September Existing Home Sales Jump 3% on Strength From First-Time Buyers

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The National Association of Realtors (NAR) reports that the seasonally adjusted annual rate of existing home sales in September rose 3.2% to 5.47 million from a downwardly revised total of 5.3 million in August.

The consensus estimate called for sales to reach 5.35 million, according to a survey of economists polled by Bloomberg. Sales are at their highest level since June (5.57 million), up 0.6% over September 2015.

The NAR’s chief economist, Lawrence Yun, said:

The home search over the past several months for a lot of prospective buyers, and especially for first-time buyers, took longer than usual because of the competition for the minimal amount of homes for sale. Most families and move-up buyers look to close before the new school year starts. Their diminishing presence from the market towards the end of summer created more opportunities for aspiring first-time homeowners to buy last month.

Inventory has been extremely tight all year and is unlikely to improve now that the seasonal decline in listings is about to kick in. Unfortunately, there won’t be much relief from new home construction, which continues to be grossly inadequate in relation to demand.

Housing inventory increased by 1.5% in September to 2.04 million homes, equal to a supply of 4.5 months. Inventory has declined year over year for 16 consecutive months and is currently down 6.8% year over year from 2.19 million.

According to the NAR, the national median existing home price for all housing types in September was $234,200, up 5.6% compared with September 2015, the 55th consecutive month of rising home prices. In August the national median price was $240,200.

The percentage of first-time buyers jumped to 34% in September, an increase of 3 percentage points to its highest level since July 2012. Yun commented on the increase:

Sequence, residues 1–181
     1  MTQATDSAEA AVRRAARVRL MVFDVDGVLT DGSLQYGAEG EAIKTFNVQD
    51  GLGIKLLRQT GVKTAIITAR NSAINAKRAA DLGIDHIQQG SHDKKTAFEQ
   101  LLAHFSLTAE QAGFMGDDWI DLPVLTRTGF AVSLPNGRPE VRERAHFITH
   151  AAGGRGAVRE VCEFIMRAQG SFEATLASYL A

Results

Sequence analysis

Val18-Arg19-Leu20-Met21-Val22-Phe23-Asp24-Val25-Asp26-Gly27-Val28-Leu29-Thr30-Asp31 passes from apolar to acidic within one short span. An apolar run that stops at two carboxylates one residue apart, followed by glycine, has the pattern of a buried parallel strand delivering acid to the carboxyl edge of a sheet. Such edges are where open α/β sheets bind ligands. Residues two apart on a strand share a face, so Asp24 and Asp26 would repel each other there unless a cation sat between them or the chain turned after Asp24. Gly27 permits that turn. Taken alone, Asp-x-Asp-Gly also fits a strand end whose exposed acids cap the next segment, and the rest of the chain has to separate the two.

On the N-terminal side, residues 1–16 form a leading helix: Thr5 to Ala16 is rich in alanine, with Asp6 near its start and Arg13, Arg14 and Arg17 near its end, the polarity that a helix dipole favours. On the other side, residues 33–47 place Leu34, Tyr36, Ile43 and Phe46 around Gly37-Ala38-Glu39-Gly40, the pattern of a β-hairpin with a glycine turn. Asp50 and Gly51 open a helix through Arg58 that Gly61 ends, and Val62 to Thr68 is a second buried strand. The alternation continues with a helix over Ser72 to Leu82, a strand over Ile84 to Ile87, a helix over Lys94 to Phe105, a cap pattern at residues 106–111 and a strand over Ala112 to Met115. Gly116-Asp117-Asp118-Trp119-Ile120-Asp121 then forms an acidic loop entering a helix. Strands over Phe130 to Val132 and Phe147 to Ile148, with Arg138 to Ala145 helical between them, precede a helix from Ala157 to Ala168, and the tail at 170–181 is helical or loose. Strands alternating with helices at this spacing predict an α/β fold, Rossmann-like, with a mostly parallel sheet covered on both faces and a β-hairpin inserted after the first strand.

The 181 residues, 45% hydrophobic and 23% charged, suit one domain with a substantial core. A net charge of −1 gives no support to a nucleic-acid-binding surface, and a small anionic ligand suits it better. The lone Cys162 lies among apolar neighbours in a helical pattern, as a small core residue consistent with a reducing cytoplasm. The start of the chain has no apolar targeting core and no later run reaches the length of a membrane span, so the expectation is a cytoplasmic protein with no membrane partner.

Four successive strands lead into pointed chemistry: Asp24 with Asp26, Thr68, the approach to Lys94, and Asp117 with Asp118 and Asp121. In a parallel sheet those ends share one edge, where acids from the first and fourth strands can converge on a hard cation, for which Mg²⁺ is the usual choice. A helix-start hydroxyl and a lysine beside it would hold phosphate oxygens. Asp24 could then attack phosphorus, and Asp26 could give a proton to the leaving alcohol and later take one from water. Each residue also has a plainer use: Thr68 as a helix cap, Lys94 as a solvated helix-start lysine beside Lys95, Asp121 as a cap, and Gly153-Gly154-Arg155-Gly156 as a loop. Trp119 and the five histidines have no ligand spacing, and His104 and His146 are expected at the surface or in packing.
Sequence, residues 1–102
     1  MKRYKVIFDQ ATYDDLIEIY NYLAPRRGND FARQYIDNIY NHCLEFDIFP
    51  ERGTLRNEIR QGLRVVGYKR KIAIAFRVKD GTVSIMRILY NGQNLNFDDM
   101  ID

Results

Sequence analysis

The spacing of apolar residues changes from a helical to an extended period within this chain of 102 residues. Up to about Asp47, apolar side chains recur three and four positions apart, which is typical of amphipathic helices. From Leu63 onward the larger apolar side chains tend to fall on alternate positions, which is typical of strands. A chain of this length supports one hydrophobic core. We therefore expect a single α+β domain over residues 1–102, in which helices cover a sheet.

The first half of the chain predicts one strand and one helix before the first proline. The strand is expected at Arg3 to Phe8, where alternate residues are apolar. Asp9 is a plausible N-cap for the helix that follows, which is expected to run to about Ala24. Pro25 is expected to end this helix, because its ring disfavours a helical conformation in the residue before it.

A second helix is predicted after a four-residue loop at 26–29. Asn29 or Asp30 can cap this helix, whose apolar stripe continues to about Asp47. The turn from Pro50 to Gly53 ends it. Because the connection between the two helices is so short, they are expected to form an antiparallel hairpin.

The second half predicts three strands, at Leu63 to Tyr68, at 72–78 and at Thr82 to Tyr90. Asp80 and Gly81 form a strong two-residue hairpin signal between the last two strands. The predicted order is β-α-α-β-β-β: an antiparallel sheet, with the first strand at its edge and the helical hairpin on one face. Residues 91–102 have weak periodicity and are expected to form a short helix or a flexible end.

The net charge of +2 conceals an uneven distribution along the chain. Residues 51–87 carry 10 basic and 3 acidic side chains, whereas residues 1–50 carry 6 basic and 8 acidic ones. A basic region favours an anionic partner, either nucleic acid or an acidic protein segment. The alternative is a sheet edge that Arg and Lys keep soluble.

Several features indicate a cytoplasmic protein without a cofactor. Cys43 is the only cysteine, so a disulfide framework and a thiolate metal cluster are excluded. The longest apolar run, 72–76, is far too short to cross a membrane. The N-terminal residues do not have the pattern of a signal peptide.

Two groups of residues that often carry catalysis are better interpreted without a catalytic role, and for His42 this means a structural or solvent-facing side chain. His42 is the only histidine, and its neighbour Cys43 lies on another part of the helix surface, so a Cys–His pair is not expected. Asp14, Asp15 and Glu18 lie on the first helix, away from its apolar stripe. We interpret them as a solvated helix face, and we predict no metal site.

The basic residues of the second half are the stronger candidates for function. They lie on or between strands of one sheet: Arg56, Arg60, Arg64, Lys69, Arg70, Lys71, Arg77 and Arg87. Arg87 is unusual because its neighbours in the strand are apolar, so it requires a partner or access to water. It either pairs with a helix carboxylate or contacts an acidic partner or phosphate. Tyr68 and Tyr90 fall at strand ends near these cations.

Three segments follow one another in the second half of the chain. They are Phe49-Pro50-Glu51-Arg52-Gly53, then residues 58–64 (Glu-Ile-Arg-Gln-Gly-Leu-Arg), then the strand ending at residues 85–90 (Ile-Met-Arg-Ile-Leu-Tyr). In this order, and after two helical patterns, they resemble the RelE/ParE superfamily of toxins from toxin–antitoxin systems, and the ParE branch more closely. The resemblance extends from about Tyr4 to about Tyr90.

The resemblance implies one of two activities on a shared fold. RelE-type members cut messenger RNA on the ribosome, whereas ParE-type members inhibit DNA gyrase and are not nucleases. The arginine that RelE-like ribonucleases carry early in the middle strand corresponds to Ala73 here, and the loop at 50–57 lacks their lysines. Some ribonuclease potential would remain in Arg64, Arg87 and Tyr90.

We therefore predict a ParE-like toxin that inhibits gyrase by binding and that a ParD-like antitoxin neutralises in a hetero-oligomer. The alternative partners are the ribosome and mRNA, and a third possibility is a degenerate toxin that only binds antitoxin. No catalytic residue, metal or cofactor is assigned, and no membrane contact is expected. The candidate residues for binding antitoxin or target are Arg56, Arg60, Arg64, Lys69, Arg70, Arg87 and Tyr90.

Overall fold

There’s hope the leap in sales to first-time buyers can stick through the rest of the year and into next spring. The market fundamentals — primarily consistent job gains and affordable mortgage rates — are there for the steady rise in first-timers needed to finally reverse the decline in the homeownership rate.

Sales of single-family homes rose 4.1% from the August total to a seasonally adjusted annual rate of 4.86 million, and it is up 0.6% compared with September 2015. Sales of multifamily homes declined 3.2% in September to a seasonally adjusted annual rate of 610,000 units.

All homes were on the market for an average of 39 days in September, up from 36 in August and down from 49 in September 2015. Foreclosed and nondistressed homes were on the market for an average of 67 and 38 days, respectively, and short sales took a median of 118 days to sell.

The NAR also reported the following regional data:

  • September existing-home sales in the Northeast rose 5.7% year over year to an annual rate of 740,000, unchanged compared with a 2015. The median price in the Northeast was $261,600, up 2.1% compared with September 2015.
  • In the Midwest, existing-home sales increased by 3.9% to an annual rate of 1.32 million in September and are now 2.3% higher than September 2015 sales. The median price in the Midwest was $184,500, up 5.9% from a year ago.
  • Existing-home sales in the South rose just 0.9% in September to an annual rate of 2.16 million, but are 0.9% below September 2015 sales. The median price in the South was $204,000, up 6.6% from a year ago.
  • Existing-home sales in the West jumped 5% to an annual rate of 1.25 million in September, and they have moved 1.6% higher than in September 2015. The median price in the West was $345,400, up 8.1% compared with the September 2015 median.
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